Social Media and Divorce: How Can It Impact Your Case?

For many people, using social media has become a regular part of everyday life. The risks of sharing too much information through this channel can be easy to overlook. Like many people, you might be surprised to learn that online activity can serve as evidence during a divorce. Given the personal nature of social media, this evidence can have huge impacts on many aspects of your divorce in Virginia. For many people, using social media has become a regular part of everyday life. The risks of sharing too much information through this channel can be easy to overlook. Like many people, you might be surprised to learn that online activity can serve as evidence during a divorce. Given the personal nature of social media, this evidence can have huge impacts on many aspects of your divorce in Virginia.

Admissible Evidence

Information gleaned from your social media activity can be admissible in legal proceedings. While comments that other people make about you might be considered hearsay, information that you personally share could be used as evidence for litigation.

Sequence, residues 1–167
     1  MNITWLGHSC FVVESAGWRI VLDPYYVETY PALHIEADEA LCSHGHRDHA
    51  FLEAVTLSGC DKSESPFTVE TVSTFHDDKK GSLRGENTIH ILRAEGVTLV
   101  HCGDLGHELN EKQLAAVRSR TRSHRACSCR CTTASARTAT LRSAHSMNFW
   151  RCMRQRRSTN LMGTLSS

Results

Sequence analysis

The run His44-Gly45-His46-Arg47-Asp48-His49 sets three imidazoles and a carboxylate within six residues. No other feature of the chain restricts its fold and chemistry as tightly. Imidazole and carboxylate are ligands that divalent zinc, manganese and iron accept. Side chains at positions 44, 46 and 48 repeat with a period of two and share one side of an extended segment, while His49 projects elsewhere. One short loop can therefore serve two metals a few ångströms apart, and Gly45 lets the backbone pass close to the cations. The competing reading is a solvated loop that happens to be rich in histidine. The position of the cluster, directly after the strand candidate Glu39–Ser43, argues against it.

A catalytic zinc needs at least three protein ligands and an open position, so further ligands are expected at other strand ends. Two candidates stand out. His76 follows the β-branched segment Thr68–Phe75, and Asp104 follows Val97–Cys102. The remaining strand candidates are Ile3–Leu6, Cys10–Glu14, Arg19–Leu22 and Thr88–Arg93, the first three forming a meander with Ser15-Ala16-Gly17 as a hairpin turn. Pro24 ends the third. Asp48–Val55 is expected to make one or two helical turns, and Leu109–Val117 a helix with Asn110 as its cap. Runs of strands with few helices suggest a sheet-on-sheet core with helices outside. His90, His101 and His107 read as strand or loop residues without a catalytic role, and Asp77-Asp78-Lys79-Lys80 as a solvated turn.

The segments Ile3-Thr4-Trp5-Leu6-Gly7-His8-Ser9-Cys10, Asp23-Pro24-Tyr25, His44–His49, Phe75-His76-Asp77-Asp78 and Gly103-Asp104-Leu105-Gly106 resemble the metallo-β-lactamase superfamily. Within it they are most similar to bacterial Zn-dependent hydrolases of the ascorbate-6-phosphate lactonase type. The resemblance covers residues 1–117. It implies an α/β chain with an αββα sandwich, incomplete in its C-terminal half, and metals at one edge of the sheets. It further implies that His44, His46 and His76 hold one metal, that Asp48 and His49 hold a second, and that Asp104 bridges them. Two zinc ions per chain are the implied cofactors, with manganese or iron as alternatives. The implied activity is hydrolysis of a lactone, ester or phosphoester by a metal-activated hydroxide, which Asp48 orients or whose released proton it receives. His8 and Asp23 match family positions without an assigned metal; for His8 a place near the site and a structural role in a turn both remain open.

Effects During Divorce

Your social media activity may affect numerous aspects of your divorce in Virginia. Online posts that indicate you are exaggerating financial need or understating your assets may affect property division and spousal support orders. If you’re seeking child custody, inappropriate social media activity may affect the outcome. This makes preventing over-sharing an important concern if you are preparing for a divorce. Always consult with an attorney regarding what to post and what not to post if you are going through a divorce or dealing with other family law matters in Court.

Topics to Avoid

It’s safest to refrain from sharing any overly personal information on social media until your divorce is finalized. The following admissions can be especially damaging:

  • Information about a new relationship. This could suggest adultery, which is a ground for divorce in Virginia. A spouse’s adultery can affect property division and spousal support or maintenance awards.
  • Complaints about your ex. If you’re seeking child custody and it appears that you can’t cooperate with your ex or foster a positive relationship between your ex and your children, this could be detrimental to your case.
  • Indications of your lifestyle. In child custody decisions, your ability to provide a safe, stable living arrangement can be decisive. Social media activity that depicts reckless or morally questionable behaviors could impact the final custody decision.

Finally, anything that could be taken out of context, from a sarcastic comment to an angry rant, is also best kept offline.

Play It Safe

As a bottom line, you should try not to share anything online that you wouldn’t want brought up during your divorce. Once you’ve shared something on social media, you can’t take it back, and the ways that it impacts your divorce settlement may be far-reaching.

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Matt Kurylo

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